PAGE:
How High?

Speaking of altitudes, which are best and worst? In the U.S., DZs using turbine aircraft typically release skydivers from 13,500 feet MSL or lower, depending on the type of jumps being made and weather conditions. When large formation skydives are being made, as they are at Zephyrhills the week of April 13-18, 2004 — release altitudes are as high as 17,500 feet. With a freefall time of up to 90 seconds, skydivers typically deploy parachutes between 2000 and 3000 feet. Some — tandem parachutes, for example — deploy higher. Canopy relative workers — the guys who fly formations with their canopies — operate as high as 8000 feet.Obviously, no area between the release altitude and 1000 feet directly beneath the release point or “spot” is safe to fly through. The absolute worst place to be is motoring directly overhead the airport at 2500 feet from the upwind side to the downwind side. That’s precisely where skydivers will be separating from their freefall formation and deploying canopies. Having a windshield suddenly fill with deploying parachutes is no one’s idea of a good time.When approaching to land at an airport that you know has skydiving operations in progress, plan to descend to pattern altitude well out from the airport. Again, three or four miles is a good place to be down to 1000 feet AGL or whatever the pattern altitude is. Skydivers generally don’t know about airport traffic patterns, unless they’re also pilots, as many are. Even if they did, however, a parachute is too slow and has such limited glide ratio that skydivers can only fly a very tight pattern within a mile of the point they’ll have to land. Usually, the pattern is much smaller than that.Most DZs advise skydivers not to fly the length of a runway right over it or to cross runways below a minimum specified altitude. Although that still happens occasionally, skydivers usually avoid the low-altitude runway swoop. They don’t want to get bagged by an airplane any more than you want to play chicken with a parachute.Fly your normal traffic pattern at the proper altitude but don’t make the pattern too tight, otherwise you could encounter canopies close-in to the runway. A slightly wider pattern won’t hurt because skydivers know the wider they fly, the less likely they’ll make it back to the landing area, forcing an “out” landing, which no one wants. When landing, scan ahead for any canopies that may be near the runway.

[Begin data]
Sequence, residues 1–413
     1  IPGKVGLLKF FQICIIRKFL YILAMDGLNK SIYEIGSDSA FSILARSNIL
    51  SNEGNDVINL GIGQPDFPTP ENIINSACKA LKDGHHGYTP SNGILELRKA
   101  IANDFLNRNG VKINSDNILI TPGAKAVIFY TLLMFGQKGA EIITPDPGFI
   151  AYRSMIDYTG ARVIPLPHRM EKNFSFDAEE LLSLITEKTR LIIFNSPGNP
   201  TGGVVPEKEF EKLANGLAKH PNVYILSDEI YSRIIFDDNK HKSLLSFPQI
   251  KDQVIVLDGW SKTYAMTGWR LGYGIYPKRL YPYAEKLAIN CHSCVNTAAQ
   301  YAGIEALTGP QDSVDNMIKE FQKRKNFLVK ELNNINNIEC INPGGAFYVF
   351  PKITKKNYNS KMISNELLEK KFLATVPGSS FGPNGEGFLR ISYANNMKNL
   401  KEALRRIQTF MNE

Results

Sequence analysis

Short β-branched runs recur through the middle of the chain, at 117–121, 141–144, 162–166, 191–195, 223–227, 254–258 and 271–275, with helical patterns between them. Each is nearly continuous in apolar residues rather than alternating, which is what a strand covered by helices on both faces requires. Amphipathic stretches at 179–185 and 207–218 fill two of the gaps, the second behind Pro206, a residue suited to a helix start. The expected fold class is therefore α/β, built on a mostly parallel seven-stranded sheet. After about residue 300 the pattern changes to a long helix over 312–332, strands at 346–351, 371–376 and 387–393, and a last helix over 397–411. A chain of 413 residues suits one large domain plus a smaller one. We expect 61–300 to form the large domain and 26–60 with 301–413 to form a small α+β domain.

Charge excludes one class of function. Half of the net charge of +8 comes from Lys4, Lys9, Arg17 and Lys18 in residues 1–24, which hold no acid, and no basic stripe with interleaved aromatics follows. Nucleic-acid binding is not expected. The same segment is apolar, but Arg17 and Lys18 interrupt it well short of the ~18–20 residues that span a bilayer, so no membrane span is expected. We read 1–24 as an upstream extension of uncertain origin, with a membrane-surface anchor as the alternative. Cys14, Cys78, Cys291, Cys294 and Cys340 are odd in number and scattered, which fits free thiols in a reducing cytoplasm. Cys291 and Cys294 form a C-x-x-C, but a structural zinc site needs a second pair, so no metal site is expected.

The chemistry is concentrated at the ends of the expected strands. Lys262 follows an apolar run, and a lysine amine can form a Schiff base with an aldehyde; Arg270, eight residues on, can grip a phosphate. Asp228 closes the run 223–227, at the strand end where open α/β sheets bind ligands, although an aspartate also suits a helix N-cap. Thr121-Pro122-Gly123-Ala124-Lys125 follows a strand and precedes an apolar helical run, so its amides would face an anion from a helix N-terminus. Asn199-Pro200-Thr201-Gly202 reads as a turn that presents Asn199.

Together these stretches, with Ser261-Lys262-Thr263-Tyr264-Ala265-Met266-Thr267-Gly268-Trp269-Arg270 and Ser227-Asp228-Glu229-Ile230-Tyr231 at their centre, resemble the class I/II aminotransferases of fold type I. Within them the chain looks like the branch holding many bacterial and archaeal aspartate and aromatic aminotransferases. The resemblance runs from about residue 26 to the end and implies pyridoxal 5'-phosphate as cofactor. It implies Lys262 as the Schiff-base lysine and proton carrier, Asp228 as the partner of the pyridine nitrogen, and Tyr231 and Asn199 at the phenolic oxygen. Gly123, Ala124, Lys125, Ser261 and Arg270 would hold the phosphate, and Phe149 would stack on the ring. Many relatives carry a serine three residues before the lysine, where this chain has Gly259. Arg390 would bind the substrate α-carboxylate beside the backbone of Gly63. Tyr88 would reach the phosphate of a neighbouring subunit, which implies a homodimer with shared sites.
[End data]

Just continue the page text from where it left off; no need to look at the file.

Landing Separation

At most DZs, landing areas are segregated from the runway complex and often placed on one side of the airport; thus the airplanes have one side of the airport, and the skydivers the other side. If a skydiving landing area is protected from overhead traffic by left traffic on one runway, right traffic on the opposite runway, flying left traffic when the opposite direction is called for can obviously present safety hazards for both jumpers and airplanes. Check the A/FD or other airport directories for information on traffic pattern altitudes and directions.When departing an airport with skydiving in progress, the best time to take off is right after a jump plane has either landed or taken off. You’ll be long gone before jumpers are in the air. At airports with multiple jump aircraft, skydivers may be in the air almost constantly. In this circumstance, pick the appropriate runway and takeoff normally. Be wary of any skydivers crossing a runway at low altitude — and it would have to be very low to affect a takeoff roll and climb out since you can’t climb straight up — and fly a straight-out departure or a wider than normal pattern to the crosswind or downwind. Terrain permitting, delay your climb above 1000 feet until you’re two or three miles from the airport and you’ll have few worries about encountering skydivers.As far as right-of-way-rules go, skydivers under canopy trump a powered airplane and thus have the right of way. If you see someone under canopy and can avoid a close encounter, by all means do so. At my home DZ — the very same Zephyrhills, Fla., you’ll be flying near (we hope not over) on your way to Sun ‘n Fun this year — we also have an active glider operation that co-exists nicely with the skydivers. With just scant attention to the basics described here, you can do the same.As we say in skydiving, blue skies. And have a safe trip.